Spain as an Import Jurisdiction

Miguel Virgós Soriano.

2006 Chambers Client Report, n.º 15

International arbitration, as international trade in services, is a game of “imports and exports”.

The 2003 Arbitration Act has done a great deal to promote Spain as a seat of choice where international arbitrations can take place in a stable and arbitration-friendly legal environment. The three pillars of the 2003 Act - procedural fairness, party autonomy and limited judicial intervention - are also the foundations of Spain as “export jurisdiction”: an attractive venue for the hosting of international arbitrations.

It is no secret that one of the main objectives of the Act has been to turn Spain into the “natural venue” for arbitrations linked to Latin America. Since it was enacted, the number of international arbitrations in Spain has grown steadily.

When it comes to acting as an “import jurisdiction”, Spain is also an open country. The Act does not implement a specific regime for the recognition and enforcement of arbitral awards; instead, it remits the matter to the 1958 New York Convention on the Recognition and Enforcement of Foreign Arbitral Awards, even with regard to non-signatory States.

The 1958 NYC establishes the obligation to recognize and enforce foreign arbitral awards but is silent with regard to the manner in which it is executed:  In Spain, in particular, it is necessary to obtain an exequatur of the foreign award from the local courts. The competent bodies to hear these exequatur proceedings are the courts of first instance (Juzgados de Primera Instancia e Instrucción and Juzgados de lo Mercantil). It should be noted, however, that the exequatur regime actually in place stems from the 19th century and is bound to be modified by the future International Judicial Cooperation Act (Ley de Cooperación Jurídica Internacional), still at an early drafting stage. 

The grounds for denial provided for in the 1958 NYC are exhaustive and well known to all. Case law reveals that the grounds most often alleged to oppose recognition of foreign awards in Spain are two: invalid or non-existent arbitration agreement (Art.V.1.a) and public policy (Art.V.2.b). But, as explained below, the fact is that only in very few instances have these grounds prevented recognition.   

As regards the former, Art. 9 of the Arbitration Act has cut down the formalities required by Art. II of the 1958 NYC and established for the validity of the arbitration agreement a conflict rule with alternative connecting factors operating in favor validitatis. Art. 9 also comes into play when recognition of foreign awards is sought, due to the “most-favourable provision clause” within the 1958 NYC, thereby reducing the range of application of this ground.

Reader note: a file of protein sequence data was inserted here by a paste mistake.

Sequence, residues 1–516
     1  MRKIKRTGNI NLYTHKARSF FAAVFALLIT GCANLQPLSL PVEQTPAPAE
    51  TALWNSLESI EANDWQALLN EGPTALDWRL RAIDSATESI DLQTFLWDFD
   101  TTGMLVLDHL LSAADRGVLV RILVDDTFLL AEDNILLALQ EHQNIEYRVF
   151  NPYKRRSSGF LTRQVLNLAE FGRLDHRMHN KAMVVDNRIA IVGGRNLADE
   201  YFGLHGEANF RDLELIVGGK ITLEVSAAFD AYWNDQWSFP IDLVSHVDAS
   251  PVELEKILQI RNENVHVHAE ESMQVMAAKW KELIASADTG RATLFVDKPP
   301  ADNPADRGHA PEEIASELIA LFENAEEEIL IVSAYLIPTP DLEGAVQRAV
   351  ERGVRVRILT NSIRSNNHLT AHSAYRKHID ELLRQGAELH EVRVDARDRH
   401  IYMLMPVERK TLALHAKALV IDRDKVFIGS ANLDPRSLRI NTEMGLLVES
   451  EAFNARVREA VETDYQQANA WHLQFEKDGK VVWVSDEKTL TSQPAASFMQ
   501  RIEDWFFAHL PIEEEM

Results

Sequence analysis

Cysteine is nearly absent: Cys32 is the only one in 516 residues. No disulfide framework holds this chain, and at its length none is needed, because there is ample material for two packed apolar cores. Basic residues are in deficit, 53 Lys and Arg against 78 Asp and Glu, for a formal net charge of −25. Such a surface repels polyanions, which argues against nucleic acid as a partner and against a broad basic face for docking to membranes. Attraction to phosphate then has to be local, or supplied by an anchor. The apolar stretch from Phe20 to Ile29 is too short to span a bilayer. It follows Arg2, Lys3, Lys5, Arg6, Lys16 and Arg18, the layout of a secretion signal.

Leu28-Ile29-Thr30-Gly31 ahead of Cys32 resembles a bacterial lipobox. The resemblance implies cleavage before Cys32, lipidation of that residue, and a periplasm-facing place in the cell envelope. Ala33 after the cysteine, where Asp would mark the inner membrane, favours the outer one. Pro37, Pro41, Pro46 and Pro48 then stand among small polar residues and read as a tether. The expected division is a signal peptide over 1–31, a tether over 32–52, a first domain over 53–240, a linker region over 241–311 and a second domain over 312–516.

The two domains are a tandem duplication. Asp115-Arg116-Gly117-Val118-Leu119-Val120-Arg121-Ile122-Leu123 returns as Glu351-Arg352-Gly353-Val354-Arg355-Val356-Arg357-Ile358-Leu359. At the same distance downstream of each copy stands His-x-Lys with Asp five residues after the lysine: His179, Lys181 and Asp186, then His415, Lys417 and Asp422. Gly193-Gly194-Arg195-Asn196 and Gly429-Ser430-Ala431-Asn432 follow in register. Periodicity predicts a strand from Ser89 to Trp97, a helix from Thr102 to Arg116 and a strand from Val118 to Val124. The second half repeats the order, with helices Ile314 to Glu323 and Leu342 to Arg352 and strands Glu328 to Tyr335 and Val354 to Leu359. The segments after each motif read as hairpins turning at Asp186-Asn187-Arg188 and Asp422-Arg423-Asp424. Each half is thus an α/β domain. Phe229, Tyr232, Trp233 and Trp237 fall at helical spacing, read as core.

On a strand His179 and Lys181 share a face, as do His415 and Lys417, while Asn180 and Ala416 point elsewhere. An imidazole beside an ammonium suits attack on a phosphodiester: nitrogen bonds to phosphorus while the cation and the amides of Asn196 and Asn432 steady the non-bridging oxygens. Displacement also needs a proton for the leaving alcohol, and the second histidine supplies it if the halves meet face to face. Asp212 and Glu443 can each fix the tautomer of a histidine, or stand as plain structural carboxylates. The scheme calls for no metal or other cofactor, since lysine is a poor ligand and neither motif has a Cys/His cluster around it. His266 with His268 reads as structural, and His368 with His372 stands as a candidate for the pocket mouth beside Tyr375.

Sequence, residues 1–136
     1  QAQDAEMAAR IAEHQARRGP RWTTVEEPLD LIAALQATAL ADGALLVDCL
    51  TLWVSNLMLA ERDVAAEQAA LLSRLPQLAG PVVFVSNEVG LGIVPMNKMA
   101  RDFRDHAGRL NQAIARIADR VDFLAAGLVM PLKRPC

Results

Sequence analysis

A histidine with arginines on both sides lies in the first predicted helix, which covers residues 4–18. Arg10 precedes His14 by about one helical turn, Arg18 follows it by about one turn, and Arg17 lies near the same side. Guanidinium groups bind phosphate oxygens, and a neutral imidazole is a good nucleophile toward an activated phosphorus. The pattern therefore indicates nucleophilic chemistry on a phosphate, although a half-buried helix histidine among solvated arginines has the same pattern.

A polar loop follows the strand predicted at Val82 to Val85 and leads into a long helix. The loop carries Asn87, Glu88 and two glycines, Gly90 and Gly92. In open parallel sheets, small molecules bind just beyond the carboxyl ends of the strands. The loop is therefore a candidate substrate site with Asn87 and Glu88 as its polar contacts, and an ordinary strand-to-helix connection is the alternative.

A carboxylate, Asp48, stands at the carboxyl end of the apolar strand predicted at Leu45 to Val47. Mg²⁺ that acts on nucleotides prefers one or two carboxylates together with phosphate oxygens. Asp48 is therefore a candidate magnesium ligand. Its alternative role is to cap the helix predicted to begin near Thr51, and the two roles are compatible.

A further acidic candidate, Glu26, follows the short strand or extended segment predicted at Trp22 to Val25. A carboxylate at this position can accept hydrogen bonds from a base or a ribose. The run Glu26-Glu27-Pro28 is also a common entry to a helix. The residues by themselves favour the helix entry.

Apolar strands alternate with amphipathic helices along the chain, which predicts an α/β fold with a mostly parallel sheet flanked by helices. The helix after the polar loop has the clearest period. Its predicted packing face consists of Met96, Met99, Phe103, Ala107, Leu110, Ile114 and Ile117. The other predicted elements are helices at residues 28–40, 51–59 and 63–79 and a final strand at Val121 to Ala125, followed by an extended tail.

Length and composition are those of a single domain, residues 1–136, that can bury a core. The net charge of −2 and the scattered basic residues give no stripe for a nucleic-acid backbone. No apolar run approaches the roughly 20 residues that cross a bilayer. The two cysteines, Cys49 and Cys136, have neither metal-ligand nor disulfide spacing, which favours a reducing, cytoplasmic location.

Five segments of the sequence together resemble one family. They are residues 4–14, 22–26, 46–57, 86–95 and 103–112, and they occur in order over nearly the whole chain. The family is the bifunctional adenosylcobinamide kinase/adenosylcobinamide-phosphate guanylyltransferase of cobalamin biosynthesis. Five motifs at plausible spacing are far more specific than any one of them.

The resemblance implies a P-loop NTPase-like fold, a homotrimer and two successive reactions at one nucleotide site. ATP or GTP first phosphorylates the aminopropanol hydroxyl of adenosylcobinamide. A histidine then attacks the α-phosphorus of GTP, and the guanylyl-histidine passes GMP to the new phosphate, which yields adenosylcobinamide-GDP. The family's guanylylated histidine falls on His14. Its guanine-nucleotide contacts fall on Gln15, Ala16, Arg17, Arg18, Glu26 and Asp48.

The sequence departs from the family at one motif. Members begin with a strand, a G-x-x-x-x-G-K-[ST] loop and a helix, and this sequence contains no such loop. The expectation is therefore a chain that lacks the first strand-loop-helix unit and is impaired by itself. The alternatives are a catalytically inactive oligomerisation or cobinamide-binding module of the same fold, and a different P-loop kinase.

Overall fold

In relation to the latter, it is difficult to offer a specific definition of public policy. Given its role as a “general clause”, it has no independent meaning, deriving its content from other areas of the law. Its function is to inform the recognition and enforcement system with the fundamental principles and values inherent in the Spanish legal system and with other social principles (like morality), to uphold them.

However, these principles and values are not directly opposed to foreign awards so as to automatically deny their recognition. Public policy operates within the international cooperation system which is a public good that must be “produced” by the States: Without international cooperation, justice cannot cross over national borders. For this reason the principles and values inherent in international cooperation must be kept in view too, thereby requiring a balancing of both groups of principles. This explains why public policy is not applied in the same way when it comes to the domestic or the international sphere. Spanish courts have consistently acknowledged this by differentiating between “national” and “international” public policy.

International public policy includes both substantive and procedural principles. Substantively, it protects mandatory rules designed to serve public interests of social or economic nature (loi de police), such as anti-trust, capital market transparency or double-technology and weapon control, to name but a few. Notwithstanding, only rarely have Spanish courts denied recognition of foreign arbitral awards for this reason. This fact also shows that arbitral tribunals have always been careful not to issue awards contradictory to those interests. 

Procedural public policy includes fair notice, equal treatment of parties and fair opportunity to present one’s case. These rights enjoy constitutional protection and courts take special heed of them. Be that as it may, Spanish courts consider the conduct of the parties in the foreign proceedings to be of relevance. For instance, should a party strategically decide not to resort to the procedural remedies available under the applicable law, it may be precluded to reinstate the matter in the exequatur proceedings in Spain. In sum, Spanish courts apply public policy restrictively.